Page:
For the first time in history, the U.S. Food and Drug Administration (FDA) has granted approval for direct-to-consumer (DTC) tests to be sold directly to consumers. Specifically, the FDA has authorized Silicon Valley-based genetic testing firm 23AndMe to market their Personal Genome Service Genetic Health Risk (GHR) tests for 10 diseases or conditions namely: Alpha-1 antitypsin deficiency, Celiac disease, factor XI deficiency, Gaucher disease type 1, G6PD, Parkinson’s disease, early-onset primary dystonia, late-onset Alzheimer’s, hereditary hemochromatosis and hereditary thrombophilia.
To arrive at their decision, the FDA said they reviewed studies that showed how the procedures used by 23AndMe were able to ‘correctly and consistently’ identify gene variants associated with the 10 conditions. They also looked into other peer-reviewed references that confirmed the links and therefore provided further support to backup 23AndMe’s data.
After being granted FDA approval on April 6, the company says the tests will be available to the public in April.
In anticipation of the debates and discussions that the FDA’s decision might evoke, the agency made it clear that the disease risk tests are simply meant to provide genetic risk information but no more than that. This means that since there are several other factors that can raise or reduce a person’s chances of becoming sick — like lifestyle, diet and a person’s environment — the tests can only provide information on one’s predisposition to develop a condition. Basically, the suggestion here is that the tests cannot be used to determine a person’s overall health risks.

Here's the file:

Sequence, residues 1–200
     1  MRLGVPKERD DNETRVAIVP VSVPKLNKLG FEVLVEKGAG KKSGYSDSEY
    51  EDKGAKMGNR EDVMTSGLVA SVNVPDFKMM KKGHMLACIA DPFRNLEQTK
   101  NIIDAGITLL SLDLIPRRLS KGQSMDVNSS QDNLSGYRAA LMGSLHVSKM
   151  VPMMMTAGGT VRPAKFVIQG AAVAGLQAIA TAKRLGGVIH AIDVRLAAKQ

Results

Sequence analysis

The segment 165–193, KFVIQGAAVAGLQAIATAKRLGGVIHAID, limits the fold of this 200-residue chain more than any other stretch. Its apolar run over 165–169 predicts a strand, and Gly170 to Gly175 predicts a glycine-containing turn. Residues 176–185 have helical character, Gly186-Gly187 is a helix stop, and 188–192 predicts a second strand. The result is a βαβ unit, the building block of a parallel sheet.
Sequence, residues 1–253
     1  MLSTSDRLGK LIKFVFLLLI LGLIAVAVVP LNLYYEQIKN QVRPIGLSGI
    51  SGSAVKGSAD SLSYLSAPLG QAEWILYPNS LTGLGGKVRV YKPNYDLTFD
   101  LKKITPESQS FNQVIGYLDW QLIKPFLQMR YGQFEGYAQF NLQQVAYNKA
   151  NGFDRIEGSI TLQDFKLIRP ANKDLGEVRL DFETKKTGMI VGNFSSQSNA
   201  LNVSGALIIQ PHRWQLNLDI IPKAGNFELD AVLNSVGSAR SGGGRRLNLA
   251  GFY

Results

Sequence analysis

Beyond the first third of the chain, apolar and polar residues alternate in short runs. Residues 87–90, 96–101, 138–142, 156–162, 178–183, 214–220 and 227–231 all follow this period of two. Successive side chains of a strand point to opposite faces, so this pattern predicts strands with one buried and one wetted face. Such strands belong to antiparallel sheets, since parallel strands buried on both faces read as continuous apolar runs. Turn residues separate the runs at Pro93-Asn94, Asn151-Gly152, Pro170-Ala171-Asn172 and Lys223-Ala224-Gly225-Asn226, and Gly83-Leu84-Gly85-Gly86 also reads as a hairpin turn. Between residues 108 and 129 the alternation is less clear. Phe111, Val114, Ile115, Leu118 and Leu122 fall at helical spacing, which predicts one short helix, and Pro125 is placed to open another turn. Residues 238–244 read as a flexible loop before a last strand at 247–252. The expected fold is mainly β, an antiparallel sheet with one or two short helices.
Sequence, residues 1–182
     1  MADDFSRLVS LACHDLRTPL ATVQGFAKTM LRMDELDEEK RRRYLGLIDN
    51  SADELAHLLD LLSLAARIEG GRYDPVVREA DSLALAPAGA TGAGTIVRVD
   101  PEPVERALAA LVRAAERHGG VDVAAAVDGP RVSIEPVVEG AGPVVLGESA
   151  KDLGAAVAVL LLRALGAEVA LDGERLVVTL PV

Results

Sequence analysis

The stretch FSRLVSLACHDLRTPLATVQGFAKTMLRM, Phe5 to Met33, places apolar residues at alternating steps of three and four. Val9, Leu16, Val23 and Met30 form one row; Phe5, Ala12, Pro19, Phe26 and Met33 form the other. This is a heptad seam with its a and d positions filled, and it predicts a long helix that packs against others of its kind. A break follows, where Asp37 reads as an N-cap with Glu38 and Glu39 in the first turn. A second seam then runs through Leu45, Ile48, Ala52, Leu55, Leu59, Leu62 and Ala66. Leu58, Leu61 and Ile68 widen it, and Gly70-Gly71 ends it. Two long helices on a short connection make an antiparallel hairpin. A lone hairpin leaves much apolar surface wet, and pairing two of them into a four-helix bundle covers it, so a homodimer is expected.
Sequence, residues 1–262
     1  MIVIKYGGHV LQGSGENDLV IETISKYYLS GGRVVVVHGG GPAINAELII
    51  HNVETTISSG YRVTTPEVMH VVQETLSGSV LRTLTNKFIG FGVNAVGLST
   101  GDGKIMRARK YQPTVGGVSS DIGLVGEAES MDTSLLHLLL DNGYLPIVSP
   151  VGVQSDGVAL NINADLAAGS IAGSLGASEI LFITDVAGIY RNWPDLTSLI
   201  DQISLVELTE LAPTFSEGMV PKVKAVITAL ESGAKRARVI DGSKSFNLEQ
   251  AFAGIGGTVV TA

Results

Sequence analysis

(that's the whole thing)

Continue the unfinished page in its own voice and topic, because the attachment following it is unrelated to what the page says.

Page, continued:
The information obtained from the DTC tests, however, can be used by individuals to reassess and possibly do some lifestyle adjustments, or maybe initiate consultations with a medical professional, especially if the information received is unfavorable.
Just imagine, through these $199.00 DTC tests, a person only has to do a simple saliva swab, send it to 23AndMe, then wait for around 6 – 8 weeks for an email from the company that will pretty much let him/her know if he/she has gene mutations that make him/her more susceptible to developing certain diseases.
Even in clinics and hospitals, lab test results cannot be taken at face value. There’s always a need for doctors to correlate the findings with their clinical assessment of the patient in order to come up with the correct diagnosis or a reasonable prognosis.
Interpretation of genetic information remains relatively difficult because the link between specific genes and certain medical conditions isn’t always in black and white. If doctors find it difficult at times that they have to consult other experts to make an accurate assessment, what can be expected from people who have no medical background?
In the case of these DTC tests, if a person receives bad news about his/her disease risk, it might cause unnecessary stress and anxiety because the person will rely solely on that information, without the guidance of a medical practitioner who can put things in perspective.
Back in 2013, the FDA refused to authorize the DTC tests, citing a false positive result could lead to unnecessary treatments. Four years later, however, the tests were made possible via a new permit type from the FDA, including what the agency called “special controls” to assure the accuracy of tests.
Whether or not the public can handle the genetic data info properly remains to be seen. But for those who can, this may indeed prove helpful in the long run, especially if it manages to make people shift to healthier lifestyle choices because of the test results.
As 23andMe CEO and co-founder Anne Wojcicki said in a statement: “This is an important moment for people who want to know their genetic health risks and be more proactive about their health. The FDA has embraced innovation and has empowered individuals by authorizing direct access to this information.”